What a week! Finally, we got to see the first beautiful photos from JWST, and what a show that was. I was completely blown away by the detail in the images and my fascination for space got what felt like an infinite boost of fuel.
Astronomy can be a lonely journey for astronomers and stargazers in general. Researchers wait a long time for observational data or they struggle to build good models that can explain the phenomenon we see in deep space. Stargazers and astro-photographers spend endless hours in the cold darkness to catch a glimpse of the Milky Way or climb the mountain of editing skills to get a good photo.
An event like the one that was held by NASA etc. on Tuesday at the release of the first JWST photos is therefore important not only because of the groundbreaking science it will bring to us all, but because it shows us that the universe is indeed as spectacular as our fascination has convinced us it is. It also serves as a reminder of how small we are, how big space is and puts our entire existence into perspective.
Being obsessed with the new JWST photos, I want to show the first release to you while highlighting what my eyes dwell on and what I, being an astrophysicist, wonder when I see it. If you are looking for the technical details of each observation, please visit the official site.
JWST’s First Deep Field: Galaxy Cluster SMACS 0723
This deep field observation is of a collection of galaxies, a so-called galaxy cluster, and it has the name SMACS 0723. After some delay that forever imprinted a loop of hold-music in the brain of all the world’s impatient astronomers, it was released Tuesday in the night a bit after midnight (in my timezone).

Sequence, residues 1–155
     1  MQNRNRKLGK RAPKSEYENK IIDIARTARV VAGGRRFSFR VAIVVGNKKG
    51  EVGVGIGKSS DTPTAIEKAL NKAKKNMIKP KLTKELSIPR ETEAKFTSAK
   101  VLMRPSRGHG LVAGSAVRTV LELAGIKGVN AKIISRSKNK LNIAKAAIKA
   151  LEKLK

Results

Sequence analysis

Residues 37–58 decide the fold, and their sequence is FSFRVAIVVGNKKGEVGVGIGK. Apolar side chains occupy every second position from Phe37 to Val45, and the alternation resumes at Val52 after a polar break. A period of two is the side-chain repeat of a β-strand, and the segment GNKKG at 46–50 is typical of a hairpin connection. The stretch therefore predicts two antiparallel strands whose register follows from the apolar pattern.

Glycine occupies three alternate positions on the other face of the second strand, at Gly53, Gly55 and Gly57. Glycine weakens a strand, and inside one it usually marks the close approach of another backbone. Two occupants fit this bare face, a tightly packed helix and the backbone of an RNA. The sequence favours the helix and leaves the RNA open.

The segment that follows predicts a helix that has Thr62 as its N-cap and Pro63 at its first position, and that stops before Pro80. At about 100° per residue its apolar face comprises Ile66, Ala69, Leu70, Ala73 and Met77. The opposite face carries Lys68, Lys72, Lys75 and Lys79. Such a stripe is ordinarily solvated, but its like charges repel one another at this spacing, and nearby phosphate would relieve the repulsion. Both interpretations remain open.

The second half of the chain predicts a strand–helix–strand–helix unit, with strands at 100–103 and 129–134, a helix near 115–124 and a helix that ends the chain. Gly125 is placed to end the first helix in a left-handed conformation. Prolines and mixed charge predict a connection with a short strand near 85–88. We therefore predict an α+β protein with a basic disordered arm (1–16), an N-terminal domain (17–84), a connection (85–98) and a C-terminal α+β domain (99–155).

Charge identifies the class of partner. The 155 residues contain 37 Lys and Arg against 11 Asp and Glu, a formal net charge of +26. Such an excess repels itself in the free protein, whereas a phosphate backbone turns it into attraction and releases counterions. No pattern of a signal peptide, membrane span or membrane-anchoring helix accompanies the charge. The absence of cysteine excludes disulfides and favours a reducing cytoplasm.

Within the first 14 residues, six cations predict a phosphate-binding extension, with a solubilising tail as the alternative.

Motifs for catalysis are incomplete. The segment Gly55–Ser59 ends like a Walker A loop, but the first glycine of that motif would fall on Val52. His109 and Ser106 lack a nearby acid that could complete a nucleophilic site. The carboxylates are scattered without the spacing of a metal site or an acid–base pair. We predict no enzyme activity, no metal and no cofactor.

My First Impression – Disk, Lens and Detail
The first thing that caught my eye on the JWST photo is the big bulky disk in the very center of the target. It has the shape of a galaxy, but it is far too big (I think) to be one, when comparing to the surroundings. I still have no idea what it is, but I want to find out!
Another thing that I immediately paid attention to was the smeared out galaxy a bit to the top right of the center. It looks like one of those melting clocks in the famous Salvador Dali painting. It’s shaped the way it is because it is shown through a gravitational lens. Something very heavy (such as a cluster of galaxies) can have a mass that makes gravity bend the light around the object. It works just like a lens and astronomers use it to study galaxies that would otherwise be too distant for us to study.
Finally, I was baffled by the clarity and DETAIL in the photo. You can download the full resolution version and zoom in to study all the small galaxies that are almost invisible in the photo above.